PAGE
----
Wednesday, February 2, 2011

The Dwelling Place of God

DAY 33

Morning Reading - Exodus 29-30
Evening Reading - 22:1-22

This morning I am catching up on my reading and my blogging! As we continue our reading of the book of Exodus, it is important to observe that there are three major sections of the book:

Section 1 - The Exodus from Egypt
Section 2 - The Covenant at Mount Sinai / The Giving of the Law
Section 3 - Instructions for the Building of the Tabernacle

We are currently reading about the detailed instructions given to Moses regarding the construction of the tabernacle tent and the elaborate furniture that would be placed inside. In order understand the purpose of the tabernacle, it might be helpful to review the overall history of God's relationship with his people, paritcularly how God has chosen to dwell among his people. (Here I will attempt to summarize thousands of years of salvation history in a few paragraphs....wish me luck!)

The Garden of Eden and the Fall
We know that God created humanity in his image and that we were created to be in relationship with God. We are told that Adam and Eve "walked with God" in the garden and were intimately connected to their creator. However, due to their disobedience, Adam and Eve were expelled from the garden and, therefore, their intimate fellowship with God was broken. The "fall" also resulted in fractured human relationships as well as turmoil within the created order. After the "fall" a significant theological quandry developed: How can a holy God dwell in the midst of a sinful and disobedient people?

The Tabernacle Tent
In God's great love and tender mercy, he instructed Moses and the people of Israel to construct a "tent of meeting" or a "tabernacle." This "tent of meeting" would serve as the gathering place for the people where they would offer sacrifices to God and be reminded of the covenant they had made. God would dwell in the midst of his people; however, there remained a veil of separation. God's presence would only dwell in the Most Holy Place (the "Holy of Holies") and only the High Priest would have access to God's presence on behalf of the people. The tabernacle tent was portable, since the people of Israel were still on their journey through the Sinai wilderness.

Solomon's Temple
After several hundred years, the people of Israel were established in the Promised Land and were under the leadership of the great King David. God instructed David to build a house, a permanant dwelling place for God's presence. Although David was given the detailed plans for the Temple, it was David's son, Solomon, who would ultimately facilitate the contruction of the great Temple in the city of Jerusalem. The Temple was essentially a permanant version of the tabernacle that had been used during the exodus from Egypt.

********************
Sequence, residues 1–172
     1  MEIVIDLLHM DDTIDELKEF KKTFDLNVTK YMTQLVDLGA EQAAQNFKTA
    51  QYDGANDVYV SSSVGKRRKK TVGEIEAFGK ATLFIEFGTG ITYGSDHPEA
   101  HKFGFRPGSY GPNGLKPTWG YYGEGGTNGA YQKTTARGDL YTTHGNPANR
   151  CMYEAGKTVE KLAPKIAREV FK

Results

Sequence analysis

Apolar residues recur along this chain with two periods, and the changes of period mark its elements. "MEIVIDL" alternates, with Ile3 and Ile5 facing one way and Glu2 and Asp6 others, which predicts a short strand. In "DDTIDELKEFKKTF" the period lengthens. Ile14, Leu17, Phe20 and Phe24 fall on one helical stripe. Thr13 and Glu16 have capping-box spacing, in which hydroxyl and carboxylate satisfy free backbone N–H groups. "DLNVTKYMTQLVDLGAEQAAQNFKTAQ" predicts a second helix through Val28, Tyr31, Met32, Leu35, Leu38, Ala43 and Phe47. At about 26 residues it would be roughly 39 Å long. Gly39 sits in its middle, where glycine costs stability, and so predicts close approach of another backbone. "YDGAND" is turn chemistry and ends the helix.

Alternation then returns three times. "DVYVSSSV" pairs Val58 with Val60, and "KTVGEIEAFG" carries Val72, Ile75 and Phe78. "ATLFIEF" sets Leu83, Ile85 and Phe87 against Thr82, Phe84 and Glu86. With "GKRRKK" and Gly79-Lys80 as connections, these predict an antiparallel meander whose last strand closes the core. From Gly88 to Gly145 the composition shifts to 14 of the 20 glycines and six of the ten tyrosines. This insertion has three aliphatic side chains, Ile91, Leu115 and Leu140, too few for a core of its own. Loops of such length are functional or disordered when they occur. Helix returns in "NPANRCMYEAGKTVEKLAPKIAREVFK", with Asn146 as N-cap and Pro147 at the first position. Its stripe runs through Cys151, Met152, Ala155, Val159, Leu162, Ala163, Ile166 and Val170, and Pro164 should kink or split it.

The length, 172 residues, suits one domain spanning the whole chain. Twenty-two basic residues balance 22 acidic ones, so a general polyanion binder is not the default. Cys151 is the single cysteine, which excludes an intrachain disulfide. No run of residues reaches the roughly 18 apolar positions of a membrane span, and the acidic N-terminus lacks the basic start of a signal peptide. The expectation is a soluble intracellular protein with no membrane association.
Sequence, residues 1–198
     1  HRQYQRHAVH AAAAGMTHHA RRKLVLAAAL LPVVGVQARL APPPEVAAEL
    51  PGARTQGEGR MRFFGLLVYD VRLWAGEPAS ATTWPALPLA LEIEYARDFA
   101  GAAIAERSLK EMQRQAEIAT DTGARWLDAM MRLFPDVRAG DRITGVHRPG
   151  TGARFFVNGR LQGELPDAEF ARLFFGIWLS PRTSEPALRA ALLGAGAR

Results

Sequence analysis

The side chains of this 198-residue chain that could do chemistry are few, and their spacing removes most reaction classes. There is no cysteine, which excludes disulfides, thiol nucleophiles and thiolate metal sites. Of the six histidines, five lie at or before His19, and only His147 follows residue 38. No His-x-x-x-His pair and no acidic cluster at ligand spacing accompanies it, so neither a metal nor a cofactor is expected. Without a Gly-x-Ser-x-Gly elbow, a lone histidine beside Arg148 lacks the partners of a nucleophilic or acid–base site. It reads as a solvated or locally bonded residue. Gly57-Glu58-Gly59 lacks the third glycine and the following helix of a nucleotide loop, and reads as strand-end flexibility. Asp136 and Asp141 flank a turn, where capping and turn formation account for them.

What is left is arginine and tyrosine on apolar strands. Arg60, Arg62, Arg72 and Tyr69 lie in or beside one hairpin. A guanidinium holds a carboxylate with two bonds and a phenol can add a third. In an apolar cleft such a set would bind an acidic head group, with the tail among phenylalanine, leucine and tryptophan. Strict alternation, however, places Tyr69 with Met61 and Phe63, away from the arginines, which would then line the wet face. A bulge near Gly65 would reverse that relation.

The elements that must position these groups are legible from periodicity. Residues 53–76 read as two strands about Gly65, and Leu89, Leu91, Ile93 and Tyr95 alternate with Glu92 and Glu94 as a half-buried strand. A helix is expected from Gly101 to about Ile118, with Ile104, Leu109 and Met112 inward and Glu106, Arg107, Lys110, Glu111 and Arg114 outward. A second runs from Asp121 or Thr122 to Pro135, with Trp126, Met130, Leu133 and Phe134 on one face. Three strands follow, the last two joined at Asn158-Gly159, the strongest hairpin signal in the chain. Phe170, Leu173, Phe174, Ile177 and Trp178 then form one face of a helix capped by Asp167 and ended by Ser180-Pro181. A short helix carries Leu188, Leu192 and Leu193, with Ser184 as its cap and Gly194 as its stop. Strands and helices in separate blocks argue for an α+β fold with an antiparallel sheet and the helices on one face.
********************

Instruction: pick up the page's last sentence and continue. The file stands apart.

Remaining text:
Unfortunately, the people of Israel did not remain faithful to their covenant with God and, despite the warnings of a succession of prophets, the people turned from God to the worship of idols. In the year 586 BC, the city of Jerusalem was attacked by the Babylonian army and the Temple was destroyed. After years in exile, the people returned to Jerusalem and, under the leadership of Ezra and Nehemiah, rebuilt the Temple (this temple is creatively referred to as the Second Temple). King Herod significantly expanded the Temple just prior to the time of Jesus.  

Jesus as the New Temple
Finally, Jesus comes on the scene! No longer is the presence of God confined to the inner sanctuary of the Temple, but God has become flesh "and dwells among us." After his death on the cross, the curtain, or veil, in the Temple was torn apart, which dramatically signified the abolishment of the spiritual division between God and his people. Through Christ, we now have access to the very throne of grace! Moreover, we are described by Peter as "living stones," which are being built into a "living Temple" for the Lord.

New Creation
Although we have been reconciled to God through Christ and we now have full access to his presence, there is a consumation of God's new creation that is yet to come. The book of Revelation describes a new creation, in which God and humanity will dwell together. This is our future hope, the hope of resurrection and a  life lived in the fullness of God's presence and glory.

I know this was a long post, but it important that we able to place our biblical reading within the context of the grand narrative of God's plan of salvation, through which we are restored, renewed, and reconciled to God.


  1. Thanks for providing some context. It helps to get me through an otherwise dull few chapters. One question: after reading about adorning the priests, I was wondering if any of the current vestments correspond to what was described in Exodus?

  2. Not really...there is some evidence that the earliest Christians (pre-Constantine) may have used some form of priestly garment similar to what is described in Exodus. However, the current liturgical vestments have there roots in the secular dress of the Greco-Roman world. After the "conversion" of Constantine many ritualistic elements found there way into the life of the church, including processions with banners, vestments, incense, and choirs.

  3. I, too, had the same question as Joe and was grateful for the overview set up for me to visually see the outline as we continue on our journey through the Bible.

    BTW the priest must have been some STRONG men to wear those garments. The vestments sound very heavy to me. It also seems hard to believe that these people wondering through the desert would have all these items. Not my vision of necessary 'pilgrim' gear.